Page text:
Posted on March 6, 2019 by Tom Burack
In a February 13 blog, I focused on the substantial role that states are playing in addressing PFAS compounds, in no small measure because EPA has not to date fully asserted itself in the arena, making the acronym as much one about a “Problem for All States” as about Poly- and Perfluoroalkyl Substances. The following day, with only limited advance notice, EPA released its “PFAS Action Plan,” a Valentine’s Day gift to all of those who have been waiting to see if EPA has much interest in spending more time, let alone falling in love, with these ubiquitous contaminants.
EPA’s plan, while comprehensive in scope, has met with mixed reviews, in no small measure because it remains unclear where this is all leading or how fast anything will happen, and whether EPA will ultimately embrace a substantial and decisive leadership role in addressing PFAS contamination across the country, or whether, in this age of cooperative federalism, it will stick more to developing the background science and largely leave the standard-setting, regulatory and enforcement actions to the States. The Plan itself includes a number of major components that focus variously on reducing future PFAS exposures, understanding PFAS toxicity as a basis for developing groundwater cleanup and drinking water standards, identifying and mitigating exposures, providing a regulatory and liability framework for cleanups (including possible Maximum Contaminant Level (“MCLs”), as well as TRI and CERCLA hazardous substance listings for PFOA and PFOS), furthering research on PFAS health effects, and improving risk communication and engagement capabilities. Most of the planned actions are described as the next steps in various processes, not as end results or guaranteed outcomes.
For example, the Plan states that EPA will take the next step in deciding whether to issue MCL regulations for PFOA and PFOS by proposing a “regulatory determination,” which EPA says “provides the opportunity for the public to contribute to the information the EPA will consider relating to the regulation of PFAS in drinking water.” EPA will publish a preliminary regulatory determination in the Federal Register, obtain public comment, and then decide whether or not to issue a National Public Drinking Water Regulation for either PFOA or PFOS. In so doing, EPA will need to weigh three criteria: Whether PFOA or PFOS have an adverse effect on the health of persons; whether PFOA or PFOS occur or have a chance to occur in public water systems often enough and at levels of public health concern; and, whether, in the EPA Administrator’s sole judgment, regulation of PFOA or PFOS presents a meaningful opportunity for health risk reductions for persons served by public water systems. (See https://www.epa.gov/dwregdev/how-epa-regulates-drinking-water-contaminants.) While the answer to the first criterion is likely “yes,” to date the available data on occurrence have not been so compelling as to drive rapid EPA action and, accordingly, the Administrator’s ultimate judgment under the third criterion is far from predictable, and likely at least a year away. The trade press reports a range of statements having been made by EPA leadership in recent weeks that may intimate where the agency’s heart will ultimately be on the subject, but until the next phase of the process has run its course, uncertainty will remain and states will, accordingly, continue to individually proceed to take their own responsive regulatory actions.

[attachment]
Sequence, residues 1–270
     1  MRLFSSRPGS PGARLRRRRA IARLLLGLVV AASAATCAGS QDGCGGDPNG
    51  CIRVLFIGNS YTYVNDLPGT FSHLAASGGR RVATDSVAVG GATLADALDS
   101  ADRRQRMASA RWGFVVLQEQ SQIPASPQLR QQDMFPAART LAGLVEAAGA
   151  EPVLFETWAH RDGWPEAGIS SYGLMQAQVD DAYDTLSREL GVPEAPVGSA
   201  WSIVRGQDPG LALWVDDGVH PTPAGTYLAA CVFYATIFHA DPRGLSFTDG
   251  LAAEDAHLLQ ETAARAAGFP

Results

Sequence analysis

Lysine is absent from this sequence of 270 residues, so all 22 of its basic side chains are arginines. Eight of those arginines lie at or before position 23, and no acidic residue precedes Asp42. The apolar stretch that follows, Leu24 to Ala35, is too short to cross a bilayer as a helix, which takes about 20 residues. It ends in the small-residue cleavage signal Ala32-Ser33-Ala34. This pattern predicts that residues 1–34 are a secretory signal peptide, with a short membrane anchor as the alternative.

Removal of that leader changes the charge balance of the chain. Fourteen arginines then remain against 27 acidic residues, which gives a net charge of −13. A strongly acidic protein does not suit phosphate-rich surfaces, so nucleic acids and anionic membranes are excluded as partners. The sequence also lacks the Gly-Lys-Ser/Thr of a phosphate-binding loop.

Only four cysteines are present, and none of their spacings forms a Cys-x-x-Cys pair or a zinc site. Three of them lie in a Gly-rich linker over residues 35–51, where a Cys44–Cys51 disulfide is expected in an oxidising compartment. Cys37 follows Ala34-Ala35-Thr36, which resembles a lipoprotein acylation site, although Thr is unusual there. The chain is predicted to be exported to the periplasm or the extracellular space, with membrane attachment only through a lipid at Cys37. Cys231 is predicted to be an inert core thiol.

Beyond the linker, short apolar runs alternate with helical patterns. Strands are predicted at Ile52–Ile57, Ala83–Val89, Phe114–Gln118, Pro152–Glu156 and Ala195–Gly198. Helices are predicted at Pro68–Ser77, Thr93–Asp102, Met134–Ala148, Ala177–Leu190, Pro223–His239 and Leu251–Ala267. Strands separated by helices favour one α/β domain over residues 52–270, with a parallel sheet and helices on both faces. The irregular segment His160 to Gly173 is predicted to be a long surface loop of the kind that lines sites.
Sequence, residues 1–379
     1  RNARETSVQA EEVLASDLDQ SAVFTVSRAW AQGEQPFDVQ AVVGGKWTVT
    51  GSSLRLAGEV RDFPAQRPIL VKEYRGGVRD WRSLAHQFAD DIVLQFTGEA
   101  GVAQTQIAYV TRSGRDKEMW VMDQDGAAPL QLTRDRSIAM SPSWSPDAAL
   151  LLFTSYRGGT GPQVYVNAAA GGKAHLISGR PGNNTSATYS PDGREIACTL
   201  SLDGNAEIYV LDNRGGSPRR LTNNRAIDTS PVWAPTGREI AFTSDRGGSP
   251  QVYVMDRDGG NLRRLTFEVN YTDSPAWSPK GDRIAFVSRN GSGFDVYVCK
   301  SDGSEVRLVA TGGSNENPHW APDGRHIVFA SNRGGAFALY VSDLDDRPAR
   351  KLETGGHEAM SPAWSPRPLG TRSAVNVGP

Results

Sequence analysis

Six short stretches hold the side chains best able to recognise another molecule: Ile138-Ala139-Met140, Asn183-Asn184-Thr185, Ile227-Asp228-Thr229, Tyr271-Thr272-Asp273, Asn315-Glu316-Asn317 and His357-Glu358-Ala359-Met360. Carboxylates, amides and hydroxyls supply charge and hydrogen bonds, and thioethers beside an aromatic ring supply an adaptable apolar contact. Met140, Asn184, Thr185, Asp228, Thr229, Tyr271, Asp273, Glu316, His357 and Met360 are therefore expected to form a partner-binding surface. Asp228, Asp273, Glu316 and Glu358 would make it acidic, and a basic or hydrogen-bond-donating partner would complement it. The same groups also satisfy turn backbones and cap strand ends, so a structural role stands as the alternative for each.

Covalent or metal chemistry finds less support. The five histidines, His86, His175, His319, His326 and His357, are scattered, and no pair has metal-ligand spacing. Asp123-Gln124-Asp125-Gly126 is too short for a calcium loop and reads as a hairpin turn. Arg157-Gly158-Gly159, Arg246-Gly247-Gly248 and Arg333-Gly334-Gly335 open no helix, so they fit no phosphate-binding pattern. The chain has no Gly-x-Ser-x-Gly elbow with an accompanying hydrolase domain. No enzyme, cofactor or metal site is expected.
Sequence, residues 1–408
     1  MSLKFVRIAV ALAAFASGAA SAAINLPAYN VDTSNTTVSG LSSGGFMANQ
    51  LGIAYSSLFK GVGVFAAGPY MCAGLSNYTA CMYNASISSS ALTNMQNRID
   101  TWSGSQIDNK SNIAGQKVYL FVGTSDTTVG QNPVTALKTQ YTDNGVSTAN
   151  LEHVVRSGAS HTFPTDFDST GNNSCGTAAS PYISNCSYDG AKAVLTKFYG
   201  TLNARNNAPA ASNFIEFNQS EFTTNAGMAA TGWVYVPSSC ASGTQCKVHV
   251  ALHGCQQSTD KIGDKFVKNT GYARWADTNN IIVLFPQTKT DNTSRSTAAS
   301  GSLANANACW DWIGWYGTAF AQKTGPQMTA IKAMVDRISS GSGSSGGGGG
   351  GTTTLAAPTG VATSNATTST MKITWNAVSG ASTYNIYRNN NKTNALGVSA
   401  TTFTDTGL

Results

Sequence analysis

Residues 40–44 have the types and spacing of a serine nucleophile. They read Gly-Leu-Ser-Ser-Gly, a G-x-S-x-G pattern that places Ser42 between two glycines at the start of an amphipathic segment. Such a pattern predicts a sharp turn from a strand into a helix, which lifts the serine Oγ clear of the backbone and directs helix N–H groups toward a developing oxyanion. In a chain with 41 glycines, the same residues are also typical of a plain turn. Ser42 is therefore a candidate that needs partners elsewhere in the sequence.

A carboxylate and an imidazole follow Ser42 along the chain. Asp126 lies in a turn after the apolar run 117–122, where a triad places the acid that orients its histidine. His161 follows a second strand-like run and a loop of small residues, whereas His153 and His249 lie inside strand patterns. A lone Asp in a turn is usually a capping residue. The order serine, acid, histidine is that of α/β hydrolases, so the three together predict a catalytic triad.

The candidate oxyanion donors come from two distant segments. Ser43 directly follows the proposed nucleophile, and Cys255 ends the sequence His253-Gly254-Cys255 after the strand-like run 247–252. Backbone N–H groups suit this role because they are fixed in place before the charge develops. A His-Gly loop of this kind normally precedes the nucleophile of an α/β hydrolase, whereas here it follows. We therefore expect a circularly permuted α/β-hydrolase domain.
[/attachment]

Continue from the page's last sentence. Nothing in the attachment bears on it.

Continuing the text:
And maybe this is just the way that things will or even should play out, because while EPA’s on-line cover page for its PFAS Action Plan asserts that the Agency is “taking a proactive, cross-agency approach to addressing PFAS,” it also acknowledges that the “key actions” will “help provide the necessary tools to assist states, tribes, and communities in addressing PFAS …” Yes, EPA loves PFAS, but maybe its heart isn’t so committed that it would not also expect the states, tribes and communities to profess at least an equivalent fondness, if not an even greater passion, for regulating these chemicals and seeing to their cleanup. Put differently, invoking the spirit of cooperative federalism, EPA’s message seems to be that the states and EPA have complementary ways of showing their love for emerging contaminants like PFAS, so there should be plenty of love to go around.